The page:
The paint colors look pretty good everywhere. The colors work well together and with the architecture. It was a little bit of a guess to make the choices, but they work.

I found two great things at the grocery store that I haven't seen in a few years: bread from Manitowoc and cheese curds. We went up to Manitowoc years ago and got a tour of the bread factory, complete with a pyramid shaped roof on the office of the president (it evidently promotes creative thinking).

Who Needs Paris?

It's the end of June. It shouldn't be freezing in Paris.

And yet, it was. That was my first indication that Paris is not all it's cracked up to be.

Charles de Gaulle (CDG) is undergoing a lot of construction. This is the place where one of the glass "tubes" collapsed last year and killed a few people. In the mean time, they take you from gate to concourse to gate on buses through the back of the airport. It could be really interesting, even in French, but it's not, and especially not on a cold, dark morning at the end of June. Really, it felt like being one of those post-apocalyptic movies, except they don't usually ride around on airport buses - they get cool motorcycles or old cars that miraculously run and there are cool explosions every so often.

Signage at CDG is non-existant. You get off the plane and have no idea where to go. The most obvious place, it seemed, was passport control, except that since I wasn't leaving the airport, that seemed not to be the place to go. On the otherside of the crush of people there was a small staircase that seemed to lead to the street. I had to ask three people where I was supposed to be going. There was not an immediate concensus (hence the third person).

I finally got to my gate. It was about 6:30am. I wanted to change my seat on the plane and waited 45 minutes to be told there was really nothing farther up (because I hate sitting in the back). But then, as the only ray of sunshine on a dark and cloudy morning, the clerk said the seven magic words that I had not expected to hear. "There's no one sittign next to you". That alone was worth 45 minutes and Row 42.

While I was waiting for my flight (delayed!), I noticed a lot of davening (praying) taking place. In addition to the two Jews putting on t'filin, there were also seven African men in robes and fancy hats who put down a prayer mat and started to pray. It was all pretty interesting.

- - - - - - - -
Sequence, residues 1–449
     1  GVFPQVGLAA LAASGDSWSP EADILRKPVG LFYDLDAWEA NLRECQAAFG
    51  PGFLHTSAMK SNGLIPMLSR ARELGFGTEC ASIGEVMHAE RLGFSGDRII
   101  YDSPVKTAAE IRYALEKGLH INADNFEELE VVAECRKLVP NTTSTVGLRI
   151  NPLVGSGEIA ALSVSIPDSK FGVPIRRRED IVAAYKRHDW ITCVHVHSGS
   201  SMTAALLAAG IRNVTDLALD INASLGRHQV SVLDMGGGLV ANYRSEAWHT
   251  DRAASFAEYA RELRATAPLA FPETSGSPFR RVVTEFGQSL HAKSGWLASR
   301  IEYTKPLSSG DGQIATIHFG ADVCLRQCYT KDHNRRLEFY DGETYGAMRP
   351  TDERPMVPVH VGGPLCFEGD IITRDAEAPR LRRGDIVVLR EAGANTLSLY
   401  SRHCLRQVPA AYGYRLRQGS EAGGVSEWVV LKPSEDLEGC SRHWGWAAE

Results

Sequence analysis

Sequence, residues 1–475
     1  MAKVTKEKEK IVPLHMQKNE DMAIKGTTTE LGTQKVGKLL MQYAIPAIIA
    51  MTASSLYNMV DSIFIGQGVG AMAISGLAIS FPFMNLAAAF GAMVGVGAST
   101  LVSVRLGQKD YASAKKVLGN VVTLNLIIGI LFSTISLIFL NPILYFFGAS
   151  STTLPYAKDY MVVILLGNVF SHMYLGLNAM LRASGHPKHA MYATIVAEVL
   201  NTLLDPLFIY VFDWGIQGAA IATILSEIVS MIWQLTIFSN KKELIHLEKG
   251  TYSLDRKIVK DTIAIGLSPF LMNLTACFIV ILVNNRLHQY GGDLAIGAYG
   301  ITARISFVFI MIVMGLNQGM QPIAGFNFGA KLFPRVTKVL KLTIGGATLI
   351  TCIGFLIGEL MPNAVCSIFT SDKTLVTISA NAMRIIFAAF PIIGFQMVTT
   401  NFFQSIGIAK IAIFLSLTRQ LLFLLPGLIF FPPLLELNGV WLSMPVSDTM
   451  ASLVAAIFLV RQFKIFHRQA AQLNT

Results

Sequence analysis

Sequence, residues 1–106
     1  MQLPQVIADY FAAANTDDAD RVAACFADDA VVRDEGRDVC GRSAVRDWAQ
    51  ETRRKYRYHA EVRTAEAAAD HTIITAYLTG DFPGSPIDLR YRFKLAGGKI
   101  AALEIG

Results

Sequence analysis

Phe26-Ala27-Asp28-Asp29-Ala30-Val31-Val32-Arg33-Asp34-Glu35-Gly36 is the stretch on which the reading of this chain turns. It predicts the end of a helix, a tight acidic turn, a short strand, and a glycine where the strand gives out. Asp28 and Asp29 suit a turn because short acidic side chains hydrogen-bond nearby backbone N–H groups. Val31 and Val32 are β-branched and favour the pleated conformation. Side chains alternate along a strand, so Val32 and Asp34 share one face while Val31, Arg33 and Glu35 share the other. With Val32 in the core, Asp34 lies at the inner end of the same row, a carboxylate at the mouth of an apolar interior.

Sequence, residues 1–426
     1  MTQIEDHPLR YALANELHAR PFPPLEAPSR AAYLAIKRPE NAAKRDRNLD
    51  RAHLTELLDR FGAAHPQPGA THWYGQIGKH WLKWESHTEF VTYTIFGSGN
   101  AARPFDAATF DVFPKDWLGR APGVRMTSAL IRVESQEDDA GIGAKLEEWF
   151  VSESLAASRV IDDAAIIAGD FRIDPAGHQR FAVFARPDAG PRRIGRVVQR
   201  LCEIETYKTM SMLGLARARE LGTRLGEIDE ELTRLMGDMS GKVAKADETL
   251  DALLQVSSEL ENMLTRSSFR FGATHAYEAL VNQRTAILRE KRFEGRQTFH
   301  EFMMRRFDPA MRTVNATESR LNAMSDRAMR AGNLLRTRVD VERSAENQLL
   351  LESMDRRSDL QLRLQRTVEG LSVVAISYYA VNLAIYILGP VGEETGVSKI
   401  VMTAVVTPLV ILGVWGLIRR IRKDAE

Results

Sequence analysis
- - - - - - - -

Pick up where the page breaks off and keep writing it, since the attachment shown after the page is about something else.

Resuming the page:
When you are ready to board the flight, you take yet another long bus ride to get to the plane. A long ride, on a crowded bus with people who have already been flying for a few hours and haven't showered or brushed their teeth. You're dropped off on the tarmac facing a huge ramp leading up to the front door of the jumbo jet. Up close, those planes are huge. And the ramps are not escalators, but they should be.

Lastly, you know you're in trouble when get on the plane and it already smells. And in case you're wondering, it did NOT smell like fresh croissant.

Sunday, June 24, 2007


That's the number of kilometers I drove this trip. how do I know? I started out with a new car that only had 4 kilometers on it, and when I got the airport tonight, it ready 3205. That's a lot of mileage (or kilometrage, I suppose) for four weeks. Other than a lot of dust on the outside, and a lot of pretzel crumbs on the inside, I think it looked ok. There were no discernable scratches or dents and I think I took out all the garbage. And this time I remembered to take all my cds and the parking receipts that were in the arm rest.

Last Day

Well, it's my last day in Israel. Really, my last evening. Shabbat was fine. This week I was at the Knesset Towers. The food was terrible. I don't like that they give our participants food that is bad, but if I were a regular "guest" in the hotel and got food like that, I would not pay the bill.